Home » History » Bar Hebraeus (d. 1286) on the Martyrdom of al-Husayn ibn ‘Ali (d. 680)

Bar Hebraeus (d. 1286) on the Martyrdom of al-Husayn ibn ‘Ali (d. 680)

Gregory Bar Hebraeus (d. 1286) was a catholicos (bishop) of the Syriac Orthodox Church in the late thirteenth century. He wrote numerous theological, philosophical and historical works. The following section is taken from his Tārīkh Mukhtaṣar al-Duwal, a universal history written in Arabic in which he devotes a large amount of space to the Muslim dynasties which ruled the Middle East. The section in question is notable because of the detail which he provides about the martyrdom of al-Ḥusayn ibn ‘Alī (d. 680). Even more interesting is the fact that the entirety of the section about Yazīd ibn Mu‘āwiya is devoted to narrating the events of this martyrdom. In many ways, this reflects the consciousness about the massacre at Karbala even in Syriac Christian circles centuries later. It also shows how the legacy of Yazīd ibn Mu‘āwiya had developed; he was remembered primarily as the individual responsible for the murder of the Prophet Muhammad’s grandson.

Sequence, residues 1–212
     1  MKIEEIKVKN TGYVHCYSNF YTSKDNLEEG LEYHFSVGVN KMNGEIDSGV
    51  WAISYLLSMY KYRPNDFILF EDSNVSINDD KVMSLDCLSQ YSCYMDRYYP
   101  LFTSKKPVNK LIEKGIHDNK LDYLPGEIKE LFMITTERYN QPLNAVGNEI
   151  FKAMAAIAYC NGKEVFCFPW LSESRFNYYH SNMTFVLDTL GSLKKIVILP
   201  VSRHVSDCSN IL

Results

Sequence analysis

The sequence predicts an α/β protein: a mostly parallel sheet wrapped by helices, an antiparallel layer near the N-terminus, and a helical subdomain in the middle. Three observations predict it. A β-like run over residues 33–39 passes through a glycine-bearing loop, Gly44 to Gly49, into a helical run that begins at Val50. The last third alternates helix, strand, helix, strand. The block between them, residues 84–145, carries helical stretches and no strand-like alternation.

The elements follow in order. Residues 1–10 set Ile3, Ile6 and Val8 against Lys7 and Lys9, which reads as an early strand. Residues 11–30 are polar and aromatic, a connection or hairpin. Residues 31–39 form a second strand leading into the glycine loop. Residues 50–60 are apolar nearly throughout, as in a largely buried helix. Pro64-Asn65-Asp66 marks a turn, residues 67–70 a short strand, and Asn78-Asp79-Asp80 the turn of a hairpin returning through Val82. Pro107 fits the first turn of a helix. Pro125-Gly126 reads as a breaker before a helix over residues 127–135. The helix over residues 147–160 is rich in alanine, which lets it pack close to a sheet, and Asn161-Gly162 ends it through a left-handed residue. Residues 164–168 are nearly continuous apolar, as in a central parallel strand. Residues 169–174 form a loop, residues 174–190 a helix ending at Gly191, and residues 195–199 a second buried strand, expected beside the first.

“[Before he died] Mu‘āwiya ibn Abī Sufyān secured the oath of allegiance to his son Yazīd from the people of Mecca and Medina by the sword. The people of Syria also gave their oath of allegiance. When Mu‘āwiya was dead, the governor of Medina—al-Walīd ibn ‘Utba—summoned al-Ḥusayn ibn ‘Alī and ‘Abd Allāh ibn al-Zubayr into his presence during the middle of the night and ordered them to offer the oath of allegiance to Yazīd. In response, they said: “People of our status do not give the oath of allegiance in secret, summon us again in the morning.” They then departed from the governor’s presence and secretly escaped from Medina to Mecca that night, determined never to offer the oath of allegiance. Upon learning that these two men had refused to give the oath of allegiance, the people of Kūfa wrote to al-Ḥusayn, urging him to come to their city. In response, al-Ḥusayn sent Muslim ibn ‘Aqīl ibn Abī Ṭālib as an envoy to Kūfa to receive the oath of allegiance on his behalf. When Muslim arrived in the city, a large number of the Shi’ites gathered around him and gave allegiance to al-Ḥusayn. Word of this reached ‘Ubayd Allāh ibn Ziyād, who was at Baṣra, which caused him to set out for Kūfa.  When he arrived in the city, he was confronted by a large number of Shi’ites who attacked him, forcing him to fortify himself in his palace. That night, after people had left the presence of Muslim, Ibn Ziyād had Muslim secretly arrested, brought back to the palace, and beheaded.